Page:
How popular is power-sharing?

Electoral Reform Society,

Posted on the 30th March 2015

Yesterday the views of Brits were unveiled to the world. And in some ways, they make for some startling reading.

The British Social Attitudes Survey – a renowned national study of voters’ opinions – was released on Thursday. It covers all sorts of issues on what citizens think. But a few things stood out for us.

Firstly, just 17% say they trust governments “just about always” or “most of the time”. This lack of faith in our democracy is pretty startling.

It’s not that people are apathetic – 32% express “quite a lot” or “a great deal of interest” in politics, actually an increase on the same survey in the ‘80s, while nearly two-thirds (65%) follow political news on a daily basis. But they don’t feel like Parliament currently responds to their political views: “only 16% believe that, if they made an effort to do something about an unjust law, parliament would give serious attention to their demands.” It’s a sorry indictment of our democratic institutions.

So it’s no wonder then that in a time of continuing distrust of politicians, and given the litany of scandals we’ve seen over the past few years, support for coalition government has taken a hit. Just 29% of voters say they prefer coalition to single-party government. Yet that is with the experience of only one coalition arrangement (and one that took place under a very unrepresentative electoral system).

When you dig deeper into public attitudes, you find that people actually want to see parties working together. Our new report Working Together, released this week, shows that even where the old two-party battle is fiercest (ie. in the 40 closest Tory-Labour marginals), 78% believe the Opposition should work with the government on issues they agree on (against just 9% who support the opposite) while 54% believe Parliament works best when no party is too dominant so that cross-party agreement is needed to pass laws (against just 28% who support the opposite).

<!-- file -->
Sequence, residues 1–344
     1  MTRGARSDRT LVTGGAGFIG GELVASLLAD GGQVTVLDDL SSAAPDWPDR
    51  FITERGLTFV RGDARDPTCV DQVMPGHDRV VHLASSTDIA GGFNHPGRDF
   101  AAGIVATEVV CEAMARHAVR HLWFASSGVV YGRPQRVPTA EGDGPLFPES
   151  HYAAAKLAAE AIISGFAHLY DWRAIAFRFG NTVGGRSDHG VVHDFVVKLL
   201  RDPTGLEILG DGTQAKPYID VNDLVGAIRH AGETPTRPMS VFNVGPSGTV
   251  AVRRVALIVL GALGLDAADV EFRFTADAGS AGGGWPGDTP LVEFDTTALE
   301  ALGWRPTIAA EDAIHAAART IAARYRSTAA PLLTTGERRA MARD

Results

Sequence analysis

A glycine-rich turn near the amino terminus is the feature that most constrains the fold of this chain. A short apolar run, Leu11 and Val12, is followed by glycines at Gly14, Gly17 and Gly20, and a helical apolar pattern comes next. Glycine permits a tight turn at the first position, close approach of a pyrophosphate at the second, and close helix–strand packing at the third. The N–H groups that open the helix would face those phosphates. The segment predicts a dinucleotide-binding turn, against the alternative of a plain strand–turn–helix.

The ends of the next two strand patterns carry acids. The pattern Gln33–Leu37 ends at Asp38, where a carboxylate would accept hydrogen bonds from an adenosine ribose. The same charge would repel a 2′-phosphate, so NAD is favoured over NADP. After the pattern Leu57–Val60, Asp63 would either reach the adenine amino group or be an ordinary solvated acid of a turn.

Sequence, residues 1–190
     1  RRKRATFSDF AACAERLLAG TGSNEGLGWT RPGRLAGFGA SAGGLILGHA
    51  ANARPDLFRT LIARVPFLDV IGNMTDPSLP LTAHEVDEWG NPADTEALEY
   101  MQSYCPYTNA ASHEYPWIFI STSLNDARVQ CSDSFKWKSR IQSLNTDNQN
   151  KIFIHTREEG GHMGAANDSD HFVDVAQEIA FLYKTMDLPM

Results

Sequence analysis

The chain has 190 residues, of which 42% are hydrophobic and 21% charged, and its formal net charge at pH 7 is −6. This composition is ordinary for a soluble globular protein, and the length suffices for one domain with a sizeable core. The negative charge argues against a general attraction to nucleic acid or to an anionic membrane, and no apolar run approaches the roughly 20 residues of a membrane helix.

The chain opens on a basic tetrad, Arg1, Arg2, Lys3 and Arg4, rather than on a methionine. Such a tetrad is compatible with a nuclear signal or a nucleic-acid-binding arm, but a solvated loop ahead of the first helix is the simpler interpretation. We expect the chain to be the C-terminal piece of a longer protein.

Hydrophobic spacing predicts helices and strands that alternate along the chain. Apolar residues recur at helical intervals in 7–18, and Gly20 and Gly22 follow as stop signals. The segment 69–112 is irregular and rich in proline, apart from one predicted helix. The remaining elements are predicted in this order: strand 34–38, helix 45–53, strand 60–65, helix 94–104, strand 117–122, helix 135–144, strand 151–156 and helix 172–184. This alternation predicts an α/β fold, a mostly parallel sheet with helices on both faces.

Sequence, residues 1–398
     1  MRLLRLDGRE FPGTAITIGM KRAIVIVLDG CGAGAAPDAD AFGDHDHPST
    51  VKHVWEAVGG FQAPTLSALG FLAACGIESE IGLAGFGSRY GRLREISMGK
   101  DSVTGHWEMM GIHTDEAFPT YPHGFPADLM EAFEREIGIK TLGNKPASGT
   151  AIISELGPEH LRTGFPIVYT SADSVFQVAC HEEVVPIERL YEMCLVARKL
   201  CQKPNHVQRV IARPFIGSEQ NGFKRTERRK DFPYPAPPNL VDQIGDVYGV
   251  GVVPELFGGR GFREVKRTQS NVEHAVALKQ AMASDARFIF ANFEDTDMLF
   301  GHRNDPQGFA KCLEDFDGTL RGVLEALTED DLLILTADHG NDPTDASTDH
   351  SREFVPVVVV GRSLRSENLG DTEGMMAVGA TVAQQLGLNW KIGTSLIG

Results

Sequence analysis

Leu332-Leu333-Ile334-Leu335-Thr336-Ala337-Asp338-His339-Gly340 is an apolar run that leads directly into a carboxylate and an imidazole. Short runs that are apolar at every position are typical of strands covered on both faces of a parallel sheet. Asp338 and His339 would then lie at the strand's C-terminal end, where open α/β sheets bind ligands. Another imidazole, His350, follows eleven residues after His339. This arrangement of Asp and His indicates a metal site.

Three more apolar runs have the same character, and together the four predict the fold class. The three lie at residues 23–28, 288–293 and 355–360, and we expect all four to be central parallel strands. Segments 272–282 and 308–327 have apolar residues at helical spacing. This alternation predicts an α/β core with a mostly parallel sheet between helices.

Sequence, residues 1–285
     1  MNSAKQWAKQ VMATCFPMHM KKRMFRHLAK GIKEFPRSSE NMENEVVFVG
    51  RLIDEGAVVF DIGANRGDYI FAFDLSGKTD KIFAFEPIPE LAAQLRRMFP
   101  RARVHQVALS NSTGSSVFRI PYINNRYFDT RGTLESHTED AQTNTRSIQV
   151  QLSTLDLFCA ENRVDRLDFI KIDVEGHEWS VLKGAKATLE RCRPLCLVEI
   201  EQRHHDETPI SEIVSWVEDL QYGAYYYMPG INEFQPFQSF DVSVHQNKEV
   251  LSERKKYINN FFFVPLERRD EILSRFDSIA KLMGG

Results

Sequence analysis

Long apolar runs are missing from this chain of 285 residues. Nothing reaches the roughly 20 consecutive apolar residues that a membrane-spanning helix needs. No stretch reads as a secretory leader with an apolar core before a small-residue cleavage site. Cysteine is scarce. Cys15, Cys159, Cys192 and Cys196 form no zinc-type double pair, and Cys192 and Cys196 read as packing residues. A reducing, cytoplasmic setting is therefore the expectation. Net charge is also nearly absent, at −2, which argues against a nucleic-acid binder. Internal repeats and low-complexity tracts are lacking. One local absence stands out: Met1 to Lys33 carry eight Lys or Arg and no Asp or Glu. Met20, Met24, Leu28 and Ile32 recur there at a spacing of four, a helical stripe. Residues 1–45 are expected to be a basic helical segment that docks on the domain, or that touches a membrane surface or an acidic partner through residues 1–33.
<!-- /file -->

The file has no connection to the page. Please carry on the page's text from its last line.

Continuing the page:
In other words, coalition and minority government isn’t necessarily as unpopular as the British Social Attitudes Survey suggests.

Perhaps one of the responses to people’s alienation from politics, so startlingly demonstrated by this survey, is to embrace the fact that people want to see multiple parties at the top table of politics. After all, with six or seven parties commanding a decent chunk of the vote this year, people are voting with their feet. Our electoral system may still be stuck in the two-party past, but people have moved on. And as they do so, the idea of parties sharing power will become increasingly normal.

Shouldn’t we embrace the future, and accept that it’s time for parties to work together?

This week we launched our new report, Working Together, highlighting the benefits of parties sharing power.

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